A few weeks ago, I had to stop at the grocery store for a few things on my way to work. After I picked up my items I jumped into line and was the second person in line. The cashier struggled to get the automated cash register working.
The electronic system, according to the cashier, had already “gone down” twice in the half hour that the store was open. As I stood in line, this was now the third time. I looked behind me in line and noticed that it was now five people deep.
I looked beyond the cashier to see if help was on the way. A manager stood a few feet away complaining to another employee about the failings of the electronic system.
Meanwhile the line grew to eight people deep. Keep in mind that it was 6:30 am. I couldn’t help but ponder over the fact that if this store had managed to move beyond the world of outdated cash registers and into the realm of cashless payments and similar technology (learn more on this Derstandard article, or other similar ones), we probably would not be having this problem. But, oh well.
The cashier eventually was able to get the system up and running, and processed the first order. I managed to count at least four additional employees who appeared to be capable of opening up another cash register, although none of them did.
It didn’t seem that customer service was at the top of the list for the store employees. Customer service and experience are highly important for a business to survive, the buying experience needs to be a positive one for everyone involved, if this is broken, it can cause future issues that may be hard to come back from. To help create a positive and progressive customer service experience, there are helpful articles that can dive further into this need and provide a good base for businesses who need to update their customer service model. To find out more about this, people can visit websites such as qualtrics.com for further information.
That is why it is important for businesses to have a point-of-sale system that they can trust. I’ve learnt, from a quick bit of research online, that Revel Systems provide an easy point-of-sale hardware package which is said to offer both quality and reliability – sounds like something this grocery store is crying out for.
What I thought was going to be a quick grocery “run” prior to heading into work took me twenty-five minutes to complete. It made me late for work.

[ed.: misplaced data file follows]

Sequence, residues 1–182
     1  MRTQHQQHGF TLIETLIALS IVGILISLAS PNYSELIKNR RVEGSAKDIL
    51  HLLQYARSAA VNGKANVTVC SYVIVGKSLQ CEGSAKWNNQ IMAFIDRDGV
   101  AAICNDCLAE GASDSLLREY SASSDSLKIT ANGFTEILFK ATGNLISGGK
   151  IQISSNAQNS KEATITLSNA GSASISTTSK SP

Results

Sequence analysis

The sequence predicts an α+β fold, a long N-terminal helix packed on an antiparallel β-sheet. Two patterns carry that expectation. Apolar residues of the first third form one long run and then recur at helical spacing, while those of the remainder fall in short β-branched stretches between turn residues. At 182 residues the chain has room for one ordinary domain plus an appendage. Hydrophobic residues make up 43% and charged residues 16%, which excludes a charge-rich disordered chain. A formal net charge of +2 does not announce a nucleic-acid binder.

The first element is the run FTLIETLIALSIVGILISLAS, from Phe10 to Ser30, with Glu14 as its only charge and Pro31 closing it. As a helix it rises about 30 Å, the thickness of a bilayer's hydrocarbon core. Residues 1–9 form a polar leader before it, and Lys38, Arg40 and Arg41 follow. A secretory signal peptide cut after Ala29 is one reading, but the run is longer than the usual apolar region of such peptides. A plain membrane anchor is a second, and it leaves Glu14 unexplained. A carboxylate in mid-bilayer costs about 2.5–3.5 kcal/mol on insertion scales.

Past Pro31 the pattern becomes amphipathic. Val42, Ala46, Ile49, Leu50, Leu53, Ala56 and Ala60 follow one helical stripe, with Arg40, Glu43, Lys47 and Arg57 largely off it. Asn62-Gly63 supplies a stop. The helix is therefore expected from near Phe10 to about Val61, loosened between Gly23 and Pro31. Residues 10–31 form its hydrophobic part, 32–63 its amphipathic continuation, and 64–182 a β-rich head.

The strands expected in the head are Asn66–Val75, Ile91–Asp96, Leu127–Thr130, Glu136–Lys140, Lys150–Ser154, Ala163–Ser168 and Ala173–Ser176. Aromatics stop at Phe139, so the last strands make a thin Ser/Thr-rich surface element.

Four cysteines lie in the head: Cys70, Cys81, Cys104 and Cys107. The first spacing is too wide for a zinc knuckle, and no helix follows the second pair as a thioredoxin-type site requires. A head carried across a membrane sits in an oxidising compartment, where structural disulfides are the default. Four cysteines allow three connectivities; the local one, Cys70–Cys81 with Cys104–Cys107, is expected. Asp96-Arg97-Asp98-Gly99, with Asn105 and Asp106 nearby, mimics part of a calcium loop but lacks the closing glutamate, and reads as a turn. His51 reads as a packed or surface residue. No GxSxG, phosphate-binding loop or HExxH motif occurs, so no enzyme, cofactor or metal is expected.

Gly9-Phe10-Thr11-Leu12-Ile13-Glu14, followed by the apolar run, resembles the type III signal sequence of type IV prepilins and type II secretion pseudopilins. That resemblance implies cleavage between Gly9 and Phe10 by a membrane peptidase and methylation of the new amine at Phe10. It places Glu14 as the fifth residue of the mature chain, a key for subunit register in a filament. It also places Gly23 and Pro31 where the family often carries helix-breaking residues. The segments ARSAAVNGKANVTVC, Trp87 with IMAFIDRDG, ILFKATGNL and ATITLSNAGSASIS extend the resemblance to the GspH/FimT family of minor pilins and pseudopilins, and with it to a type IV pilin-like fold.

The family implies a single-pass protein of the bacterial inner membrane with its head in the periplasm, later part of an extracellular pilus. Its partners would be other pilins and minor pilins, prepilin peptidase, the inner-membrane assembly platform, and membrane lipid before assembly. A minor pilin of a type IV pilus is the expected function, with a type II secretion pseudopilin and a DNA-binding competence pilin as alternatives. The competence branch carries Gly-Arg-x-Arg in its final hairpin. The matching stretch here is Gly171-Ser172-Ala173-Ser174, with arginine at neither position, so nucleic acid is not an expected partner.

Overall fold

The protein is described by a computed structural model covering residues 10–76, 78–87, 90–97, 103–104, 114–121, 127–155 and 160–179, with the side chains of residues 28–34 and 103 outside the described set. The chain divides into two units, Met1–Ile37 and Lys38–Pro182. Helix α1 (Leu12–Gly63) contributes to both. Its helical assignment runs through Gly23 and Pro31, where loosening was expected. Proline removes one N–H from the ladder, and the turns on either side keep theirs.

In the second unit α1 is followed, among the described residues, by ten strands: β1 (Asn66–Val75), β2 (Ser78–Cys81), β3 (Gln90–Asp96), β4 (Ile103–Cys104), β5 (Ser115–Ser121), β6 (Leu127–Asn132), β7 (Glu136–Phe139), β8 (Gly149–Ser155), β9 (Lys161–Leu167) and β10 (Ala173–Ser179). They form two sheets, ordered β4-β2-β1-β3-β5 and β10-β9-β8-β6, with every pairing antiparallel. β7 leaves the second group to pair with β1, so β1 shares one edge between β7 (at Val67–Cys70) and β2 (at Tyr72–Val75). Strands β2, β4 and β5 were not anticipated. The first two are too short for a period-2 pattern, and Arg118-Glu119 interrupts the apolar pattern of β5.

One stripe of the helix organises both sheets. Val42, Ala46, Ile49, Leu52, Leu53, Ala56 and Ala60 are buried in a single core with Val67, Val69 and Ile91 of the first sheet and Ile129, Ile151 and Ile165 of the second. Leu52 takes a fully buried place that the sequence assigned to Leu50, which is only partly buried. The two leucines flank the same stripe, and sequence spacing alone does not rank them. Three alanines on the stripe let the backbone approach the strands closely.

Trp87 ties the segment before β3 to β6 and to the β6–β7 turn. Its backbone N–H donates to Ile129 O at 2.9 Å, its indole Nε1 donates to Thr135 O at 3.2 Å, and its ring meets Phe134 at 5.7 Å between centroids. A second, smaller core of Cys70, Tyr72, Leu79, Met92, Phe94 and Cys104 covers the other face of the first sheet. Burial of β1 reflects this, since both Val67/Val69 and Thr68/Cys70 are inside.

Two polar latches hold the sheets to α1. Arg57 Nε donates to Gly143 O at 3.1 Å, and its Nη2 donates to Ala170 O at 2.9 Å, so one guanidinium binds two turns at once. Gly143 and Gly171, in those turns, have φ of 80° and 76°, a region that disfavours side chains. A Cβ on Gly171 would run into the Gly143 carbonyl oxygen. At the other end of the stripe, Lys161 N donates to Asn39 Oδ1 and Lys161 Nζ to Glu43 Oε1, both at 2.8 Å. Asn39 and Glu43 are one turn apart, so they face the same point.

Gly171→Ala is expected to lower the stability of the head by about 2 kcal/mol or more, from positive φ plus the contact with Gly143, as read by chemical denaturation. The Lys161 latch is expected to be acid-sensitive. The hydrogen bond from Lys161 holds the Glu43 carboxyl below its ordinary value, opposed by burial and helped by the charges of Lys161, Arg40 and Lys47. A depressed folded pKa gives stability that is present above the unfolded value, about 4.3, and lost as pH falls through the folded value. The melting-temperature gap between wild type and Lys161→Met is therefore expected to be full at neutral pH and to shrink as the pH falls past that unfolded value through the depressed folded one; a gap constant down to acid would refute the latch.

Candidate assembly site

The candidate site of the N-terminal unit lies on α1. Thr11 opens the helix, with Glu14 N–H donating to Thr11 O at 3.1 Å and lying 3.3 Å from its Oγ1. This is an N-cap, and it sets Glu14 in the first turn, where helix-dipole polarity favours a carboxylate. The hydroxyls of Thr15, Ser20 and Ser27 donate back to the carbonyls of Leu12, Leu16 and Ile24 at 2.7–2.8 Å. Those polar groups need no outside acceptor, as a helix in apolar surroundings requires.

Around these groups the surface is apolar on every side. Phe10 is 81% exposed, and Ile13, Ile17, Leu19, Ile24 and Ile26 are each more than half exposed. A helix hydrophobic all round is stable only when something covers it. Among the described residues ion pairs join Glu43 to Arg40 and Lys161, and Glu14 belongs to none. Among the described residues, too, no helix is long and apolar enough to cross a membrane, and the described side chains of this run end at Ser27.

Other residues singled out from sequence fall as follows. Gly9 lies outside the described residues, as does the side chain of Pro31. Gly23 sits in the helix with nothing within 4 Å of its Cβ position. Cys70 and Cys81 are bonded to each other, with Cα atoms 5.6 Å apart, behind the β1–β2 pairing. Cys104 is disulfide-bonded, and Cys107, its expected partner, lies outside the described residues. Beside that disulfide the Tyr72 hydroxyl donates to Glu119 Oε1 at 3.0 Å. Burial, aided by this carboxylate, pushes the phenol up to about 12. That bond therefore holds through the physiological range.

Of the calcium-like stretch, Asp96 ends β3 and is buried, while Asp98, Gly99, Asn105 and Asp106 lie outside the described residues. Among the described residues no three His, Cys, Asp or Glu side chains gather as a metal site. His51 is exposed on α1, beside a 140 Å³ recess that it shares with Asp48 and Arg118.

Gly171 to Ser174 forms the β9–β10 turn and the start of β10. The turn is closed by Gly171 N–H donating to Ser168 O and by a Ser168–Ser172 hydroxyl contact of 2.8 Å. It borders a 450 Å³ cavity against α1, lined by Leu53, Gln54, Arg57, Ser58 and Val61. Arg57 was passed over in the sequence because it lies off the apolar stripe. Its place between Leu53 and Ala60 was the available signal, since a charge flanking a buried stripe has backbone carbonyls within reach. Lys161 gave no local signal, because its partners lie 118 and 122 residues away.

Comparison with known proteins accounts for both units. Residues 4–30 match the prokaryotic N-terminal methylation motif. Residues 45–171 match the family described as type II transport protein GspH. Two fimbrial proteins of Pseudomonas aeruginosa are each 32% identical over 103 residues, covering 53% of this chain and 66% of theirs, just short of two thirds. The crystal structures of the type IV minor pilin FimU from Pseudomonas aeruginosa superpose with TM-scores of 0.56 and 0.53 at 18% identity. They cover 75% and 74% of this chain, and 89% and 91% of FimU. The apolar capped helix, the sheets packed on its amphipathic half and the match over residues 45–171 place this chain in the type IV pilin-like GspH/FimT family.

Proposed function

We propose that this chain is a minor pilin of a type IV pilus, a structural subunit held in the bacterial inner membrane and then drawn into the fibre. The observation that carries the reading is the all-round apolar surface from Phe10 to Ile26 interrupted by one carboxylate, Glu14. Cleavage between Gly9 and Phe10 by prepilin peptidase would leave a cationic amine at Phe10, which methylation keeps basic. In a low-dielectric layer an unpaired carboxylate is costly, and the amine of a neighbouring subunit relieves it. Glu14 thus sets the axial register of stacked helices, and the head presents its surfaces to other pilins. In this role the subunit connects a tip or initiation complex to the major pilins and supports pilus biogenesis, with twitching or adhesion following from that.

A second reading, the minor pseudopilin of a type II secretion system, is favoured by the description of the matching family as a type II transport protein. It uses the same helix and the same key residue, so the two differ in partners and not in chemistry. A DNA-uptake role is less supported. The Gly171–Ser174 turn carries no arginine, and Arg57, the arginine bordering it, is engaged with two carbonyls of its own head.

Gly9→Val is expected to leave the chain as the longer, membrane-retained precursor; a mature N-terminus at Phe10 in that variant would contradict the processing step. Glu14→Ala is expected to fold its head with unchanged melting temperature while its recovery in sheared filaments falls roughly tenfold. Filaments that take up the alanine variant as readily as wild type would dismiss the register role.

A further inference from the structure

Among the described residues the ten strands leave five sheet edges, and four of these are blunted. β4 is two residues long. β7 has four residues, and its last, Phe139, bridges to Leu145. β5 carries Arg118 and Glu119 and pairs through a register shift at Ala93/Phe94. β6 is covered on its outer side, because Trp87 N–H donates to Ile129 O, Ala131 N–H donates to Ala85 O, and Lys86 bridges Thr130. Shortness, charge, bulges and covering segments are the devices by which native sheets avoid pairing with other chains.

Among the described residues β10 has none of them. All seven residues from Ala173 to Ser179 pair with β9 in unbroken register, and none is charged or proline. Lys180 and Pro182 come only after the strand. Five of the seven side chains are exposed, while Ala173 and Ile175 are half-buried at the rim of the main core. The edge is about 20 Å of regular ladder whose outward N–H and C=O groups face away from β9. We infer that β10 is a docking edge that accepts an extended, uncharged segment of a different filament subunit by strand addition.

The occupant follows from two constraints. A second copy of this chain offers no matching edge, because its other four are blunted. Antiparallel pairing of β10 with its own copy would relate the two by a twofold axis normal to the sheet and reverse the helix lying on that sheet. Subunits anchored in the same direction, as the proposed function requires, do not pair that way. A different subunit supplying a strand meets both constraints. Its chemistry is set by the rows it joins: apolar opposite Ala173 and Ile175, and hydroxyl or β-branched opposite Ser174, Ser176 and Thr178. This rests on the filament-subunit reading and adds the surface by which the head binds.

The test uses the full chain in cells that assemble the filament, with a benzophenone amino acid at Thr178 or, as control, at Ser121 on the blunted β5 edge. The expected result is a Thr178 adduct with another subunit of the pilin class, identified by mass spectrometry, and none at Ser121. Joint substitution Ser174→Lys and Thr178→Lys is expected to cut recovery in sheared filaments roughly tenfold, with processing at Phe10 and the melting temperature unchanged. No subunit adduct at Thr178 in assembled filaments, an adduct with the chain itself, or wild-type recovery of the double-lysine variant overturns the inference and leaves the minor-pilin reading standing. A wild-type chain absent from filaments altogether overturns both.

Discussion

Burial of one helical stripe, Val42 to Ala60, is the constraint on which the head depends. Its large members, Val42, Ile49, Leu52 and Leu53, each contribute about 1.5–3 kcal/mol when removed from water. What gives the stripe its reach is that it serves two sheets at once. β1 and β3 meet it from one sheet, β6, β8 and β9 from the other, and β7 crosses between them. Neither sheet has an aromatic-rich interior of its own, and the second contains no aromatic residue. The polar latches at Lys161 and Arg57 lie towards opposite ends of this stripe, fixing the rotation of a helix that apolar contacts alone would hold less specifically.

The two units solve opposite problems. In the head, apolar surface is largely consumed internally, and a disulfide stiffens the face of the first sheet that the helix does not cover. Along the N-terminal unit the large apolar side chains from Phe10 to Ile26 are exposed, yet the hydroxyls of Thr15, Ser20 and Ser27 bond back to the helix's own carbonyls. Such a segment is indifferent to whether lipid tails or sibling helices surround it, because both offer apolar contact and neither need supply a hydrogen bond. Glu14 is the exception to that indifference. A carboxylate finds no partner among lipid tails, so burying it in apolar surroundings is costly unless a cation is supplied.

As I drove to work, I couldn’t stop thinking about the additional employees just standing around, completely ignoring the customers in the growing line. I don’t think I was the only one in line who was agitated or frustrated.
It made me think of the main office in my building. At any given moment, there is someone who needs something, whether a student, parent, teacher, or other staff member. On many occasions, there are multiple parents, teachers, and students in need. Our office staff always tries to keep the “customers” happy. We would never let the line get to eight people deep. We do our best to serve those around us, and make sure that everyone is getting what they need.
Try to remember these service principles when helping your “customers:”
A Smile Goes a Long Way. Rule #1. Always serve the customer with a smile. If the building is a happy place, the happiness will spread… happy students, happy teachers, happy parents. That smile on a Monday morning or when someone is down can make a world of difference.
Add Value. Start by asking this question: “Is there anything that I can do to help you?” Make sure that you are bringing value to those you are serving. Offer to help, and make sure that your help actually helps. Do things for others because you can not because you are expecting anything in return.
All Hands on Deck. No matter the title, if a parent, student, or staff member needs help, everyone should be willing to step up to the plate. As Principal, I have answered phones, applied band-aids to a variety of wounds, tended to sick students, made copies, cleaned up messes, among other tasks. When it comes to helping customers, nothing should be off limits, and no one should say, “That’s not my job.”
Be Willing to Accept Criticism. No one wants to hear when something isn’t working. It can sting when a customer points out that a system or process that we have put in place is not doing the job. Don’t allow your ego to get in the way. Accept that it is not working, allow for critical feedback from the customer, and use that feedback to improve the process.
Patience is a Virtue. In many situations, the customers you are serving may be angry, frustrated, and agitated. While you may want to return the frustration with some frustration of your own, it is important to remain calm and level-headed. Remain patient with the customers you are serving. If you can figure out a way to satisfy the person’s needs, the frustration may dissipate.
Seek Solutions. Any time you are offering to help someone, make sure that you are solving their problem. Figure out what’s wrong, and determine how to find the best solution to that problem. Don’t try to pass the person along to someone else. Make a commitment to solving the problem right then and there. Offer a variety of solutions, and find out which option works best for the customer.
Your Goal is to Serve. As an educator, it is important to recognize the “customers” that you serve: students, parents, colleagues, community members, among others. Ultimately, you are trying to bring each one of them a service, the ability to deliver a high quality learning experience for students. Do everything you can to deliver that service in a customer friendly way.
Even though schools are not selling a product or service to customers, we can learn a great deal from employing customer service principles in our daily interactions. Keep these principles in mind as you begin a new school year.